Finished The Black Prince. Basically a life and times, with particular emphasis on how the conventions of Chivalry influenced the behavior of Edward III, the Prince, and their closest companions.

Muokkaaja: elokuu 17, 4:50 pm

From the library: The Last Secret of the Secret Annex: The Untold Story of Anne Frank, Her Silent Protector, and a Family Betrayal by Joop Van Wijk-Voskuijl and Jeroen de Bruyn
Elisabeth Voskuijl, called Bep by her family, was one of the Secret Annex helpers and Anne Frank's confidante. Her son tells his mother's story of those years and his Aunt Nelly's affiliation with the Dutch Nazis. Bep was devastated by Anne's death and the pain she felt in the many years afterward. Includes plates of photos and other pertinent images

elokuu 21, 9:37 am

Finished an excellent Artillery in the Great War by Paul Strong and Sanders Marble. This is not a book about the technology of the artillery, rather it is about doctrine and usage throughout the war. It would help if the reader has some knowledge of WW1 battles and campaigns. Quite a good book.

elokuu 21, 9:58 am

I just finished Unseen: Unpublished Black History from The New York Times Photo Archives by Darcy Eveleigh, Dana Canedy, Damien Cave, and Rachel L. Swarns. This is a beautiful coffee table book full of great photographs and fascinating back stories. In 2016, New York Times photo editor Darcy Eveleigh tumbled onto the fact that there were tens of thousands of photographs and negatives languishing, usually unseen for decades, in the Times photo archives. In many cases, Times photographers or freelancers would have shot several rolls of film (remember film?) while on assignment, and either only one of the photos would have been chosen for printing in the paper, or the editors would have ended up running the story without any photos, or the stories might never have been run at all.

Because of the prejudices of the day (impossible to confirm of course but highly likely) or for other journalistic reasons, many of the most expressive photographs were of black New Yorkers. Eveleigh and the three colleagues listed as authors here began a months-long process of deep diving into the archives to assemble a collection that could then be published. The did extensive research on each photo and have included much information about each one they included.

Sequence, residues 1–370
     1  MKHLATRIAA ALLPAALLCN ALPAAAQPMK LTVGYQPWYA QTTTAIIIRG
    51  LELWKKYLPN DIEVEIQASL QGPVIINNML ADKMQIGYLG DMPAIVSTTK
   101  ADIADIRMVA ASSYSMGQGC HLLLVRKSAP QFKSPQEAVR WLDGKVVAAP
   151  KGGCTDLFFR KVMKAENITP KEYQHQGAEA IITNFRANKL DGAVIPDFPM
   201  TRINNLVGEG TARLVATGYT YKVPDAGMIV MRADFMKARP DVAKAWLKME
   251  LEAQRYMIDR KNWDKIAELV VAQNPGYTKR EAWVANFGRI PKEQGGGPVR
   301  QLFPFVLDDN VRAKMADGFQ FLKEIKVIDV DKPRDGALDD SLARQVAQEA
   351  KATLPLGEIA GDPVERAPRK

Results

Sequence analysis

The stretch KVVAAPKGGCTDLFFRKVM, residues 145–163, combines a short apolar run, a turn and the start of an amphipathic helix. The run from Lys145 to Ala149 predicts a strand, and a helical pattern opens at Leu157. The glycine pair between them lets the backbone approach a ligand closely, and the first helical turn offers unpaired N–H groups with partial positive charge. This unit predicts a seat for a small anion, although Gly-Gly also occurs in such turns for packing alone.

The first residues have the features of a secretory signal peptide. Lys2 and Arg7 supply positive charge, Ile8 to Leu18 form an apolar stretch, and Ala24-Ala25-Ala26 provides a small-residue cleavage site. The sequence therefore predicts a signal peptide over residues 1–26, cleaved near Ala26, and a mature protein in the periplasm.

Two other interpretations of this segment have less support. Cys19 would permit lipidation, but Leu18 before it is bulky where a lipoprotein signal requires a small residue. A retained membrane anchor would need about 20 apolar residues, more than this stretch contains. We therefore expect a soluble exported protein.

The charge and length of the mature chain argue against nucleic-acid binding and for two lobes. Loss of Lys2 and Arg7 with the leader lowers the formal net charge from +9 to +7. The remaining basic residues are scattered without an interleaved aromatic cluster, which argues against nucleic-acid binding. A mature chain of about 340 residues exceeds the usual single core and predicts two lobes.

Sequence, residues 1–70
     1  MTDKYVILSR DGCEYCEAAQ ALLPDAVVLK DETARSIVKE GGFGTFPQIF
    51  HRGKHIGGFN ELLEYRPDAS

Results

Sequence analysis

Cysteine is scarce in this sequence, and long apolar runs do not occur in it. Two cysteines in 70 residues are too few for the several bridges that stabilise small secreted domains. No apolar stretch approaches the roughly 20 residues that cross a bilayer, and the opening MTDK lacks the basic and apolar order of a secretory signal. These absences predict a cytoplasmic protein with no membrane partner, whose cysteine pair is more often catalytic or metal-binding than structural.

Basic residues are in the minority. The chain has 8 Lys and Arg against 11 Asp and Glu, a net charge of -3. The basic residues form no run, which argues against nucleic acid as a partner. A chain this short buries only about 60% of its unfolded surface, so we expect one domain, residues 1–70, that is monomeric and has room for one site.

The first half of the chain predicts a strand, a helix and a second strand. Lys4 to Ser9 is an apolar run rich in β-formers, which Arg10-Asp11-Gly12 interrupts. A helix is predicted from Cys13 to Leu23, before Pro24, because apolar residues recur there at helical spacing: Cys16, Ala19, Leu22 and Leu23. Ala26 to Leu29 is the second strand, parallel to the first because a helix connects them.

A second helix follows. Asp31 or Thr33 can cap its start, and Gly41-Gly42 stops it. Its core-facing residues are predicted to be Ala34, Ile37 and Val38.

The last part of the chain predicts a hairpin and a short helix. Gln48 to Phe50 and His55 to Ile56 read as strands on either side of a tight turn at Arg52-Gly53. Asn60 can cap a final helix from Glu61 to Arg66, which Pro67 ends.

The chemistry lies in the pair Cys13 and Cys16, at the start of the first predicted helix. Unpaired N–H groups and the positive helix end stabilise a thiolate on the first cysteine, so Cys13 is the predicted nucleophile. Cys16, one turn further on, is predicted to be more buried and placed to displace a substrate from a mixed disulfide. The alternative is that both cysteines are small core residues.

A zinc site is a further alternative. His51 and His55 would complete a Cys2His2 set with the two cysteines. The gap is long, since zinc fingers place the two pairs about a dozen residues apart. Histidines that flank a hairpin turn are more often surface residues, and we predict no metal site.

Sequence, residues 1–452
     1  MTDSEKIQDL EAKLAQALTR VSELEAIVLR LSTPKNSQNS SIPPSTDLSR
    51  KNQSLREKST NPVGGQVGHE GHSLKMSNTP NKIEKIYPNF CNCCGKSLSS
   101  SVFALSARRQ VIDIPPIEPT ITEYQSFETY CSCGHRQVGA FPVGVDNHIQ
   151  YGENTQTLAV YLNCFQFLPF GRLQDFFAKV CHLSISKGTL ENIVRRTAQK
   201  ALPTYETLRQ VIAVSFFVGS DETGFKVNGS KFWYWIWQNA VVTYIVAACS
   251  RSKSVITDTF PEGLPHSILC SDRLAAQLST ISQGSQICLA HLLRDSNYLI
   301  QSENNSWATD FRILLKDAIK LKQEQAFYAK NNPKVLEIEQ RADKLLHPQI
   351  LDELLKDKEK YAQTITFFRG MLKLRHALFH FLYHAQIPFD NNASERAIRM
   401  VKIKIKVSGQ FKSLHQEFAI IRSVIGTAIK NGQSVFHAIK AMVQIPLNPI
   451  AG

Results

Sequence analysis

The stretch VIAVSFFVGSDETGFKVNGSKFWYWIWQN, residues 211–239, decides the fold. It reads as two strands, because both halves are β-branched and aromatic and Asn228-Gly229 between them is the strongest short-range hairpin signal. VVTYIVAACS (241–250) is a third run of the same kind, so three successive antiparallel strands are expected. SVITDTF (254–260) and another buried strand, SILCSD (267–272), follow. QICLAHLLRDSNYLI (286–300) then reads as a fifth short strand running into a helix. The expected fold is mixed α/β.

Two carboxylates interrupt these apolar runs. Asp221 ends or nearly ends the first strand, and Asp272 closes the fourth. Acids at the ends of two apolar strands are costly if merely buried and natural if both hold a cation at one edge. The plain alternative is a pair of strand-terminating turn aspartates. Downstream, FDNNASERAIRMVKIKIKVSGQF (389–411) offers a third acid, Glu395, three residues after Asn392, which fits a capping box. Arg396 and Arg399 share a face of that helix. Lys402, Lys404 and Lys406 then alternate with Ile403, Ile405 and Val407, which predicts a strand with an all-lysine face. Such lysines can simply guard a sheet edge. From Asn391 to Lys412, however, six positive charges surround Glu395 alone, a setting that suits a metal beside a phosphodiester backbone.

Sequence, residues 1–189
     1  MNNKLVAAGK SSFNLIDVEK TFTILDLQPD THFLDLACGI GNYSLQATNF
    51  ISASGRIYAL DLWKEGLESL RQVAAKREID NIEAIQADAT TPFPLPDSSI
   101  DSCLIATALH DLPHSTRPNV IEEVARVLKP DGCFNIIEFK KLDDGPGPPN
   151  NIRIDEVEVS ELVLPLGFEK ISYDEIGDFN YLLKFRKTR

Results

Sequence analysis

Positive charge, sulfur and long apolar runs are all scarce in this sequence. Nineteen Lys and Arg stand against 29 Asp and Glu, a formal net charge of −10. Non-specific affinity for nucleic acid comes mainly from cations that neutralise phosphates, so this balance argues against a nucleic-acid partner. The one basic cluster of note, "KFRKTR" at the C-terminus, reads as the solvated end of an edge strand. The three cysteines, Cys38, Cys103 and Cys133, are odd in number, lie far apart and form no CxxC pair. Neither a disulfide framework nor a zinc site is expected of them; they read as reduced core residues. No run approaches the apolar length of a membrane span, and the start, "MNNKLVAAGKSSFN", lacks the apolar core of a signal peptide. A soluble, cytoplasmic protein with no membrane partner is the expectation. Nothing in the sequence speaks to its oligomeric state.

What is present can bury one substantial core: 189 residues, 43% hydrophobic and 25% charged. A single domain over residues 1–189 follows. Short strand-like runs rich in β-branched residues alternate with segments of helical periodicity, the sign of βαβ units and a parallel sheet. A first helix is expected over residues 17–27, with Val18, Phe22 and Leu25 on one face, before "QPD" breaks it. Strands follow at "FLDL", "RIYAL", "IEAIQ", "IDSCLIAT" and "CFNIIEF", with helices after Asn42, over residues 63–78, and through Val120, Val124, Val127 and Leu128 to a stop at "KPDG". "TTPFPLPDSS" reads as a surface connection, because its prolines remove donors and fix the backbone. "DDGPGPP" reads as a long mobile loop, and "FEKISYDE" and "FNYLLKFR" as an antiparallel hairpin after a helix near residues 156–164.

In many cases the photographs provided scenes of triumph and accomplishment, such as a photograph taken backstage at Carnegie Hall in 1982 depicting opera singers Shirley Verrett and Grace Bumbry embracing Marian Anderson after an evening of music celebrating Anderson's art and career. That 1982 photo is in fact one of the most recent. Most are from the 1950s through the 1970s. Many portray moments from the Civil Rights Movement and the uprisings of the 1960s. There are several searing photographs depicting the fierce Detroit riots of 1968 and the aftermath of destruction and anger.

There are heartbreaking and horrifying historical photographs: Coretta Scott King at her husband's funeral, inside Malcolm X's house in Queens just after it was firebombed. No one was injured, but soon we see the photograph of Malcolm X's funeral after he was assassinated by rifle fire just eight days later. There is a photograph of Fred Hampton's bullet-ridden apartment immediately after his murder by Chicago policemen, and a series of photos of black soldiers in Vietnam.

Each of the photographs/photo series is accompanied by a short essay describing the photograph, the circumstances behind its creation and information about what photo was chosen to run in its place (or whether a photo was used at all or whether a story about the incident or scene was ever run). When possible, followup information and/or relatively contemporary interviews with the subjects are included, and a few times those essays are even written by the original photographer. This is simply a wonderful book that you'll want to take your time paging through and studying.

elokuu 21, 5:50 pm

Completed a very short, but well done Battle Of Tanga, German East Africa, 1914 by Major Kenneth J. Harvey. The battle was an overwhelming defeat for the British forces in German East Africa at the beginning of WW1. The book contains background on the colony, the build up of forces by both sides and the eventual battle.

elokuu 24, 6:38 am

Wrapped up Born of Lakes and Plains, an examination of the American West from the perspective of family building between mostly White men and their Native American wives. Pretty good, but the chapters that take you through the U.S. Civil War and into the 20th century seemed a little shallow to me.

elokuu 30, 6:01 pm

And completed a very good The Prince Who Would Be King: The Life and Death of Henry Stuart by Sarah Fraser. Henry Stuart was the oldest son of James VI & I of Scotland and Great Britain and even at his early death was already a significant force in not just British but also European politics. It's a fascinating story and well told.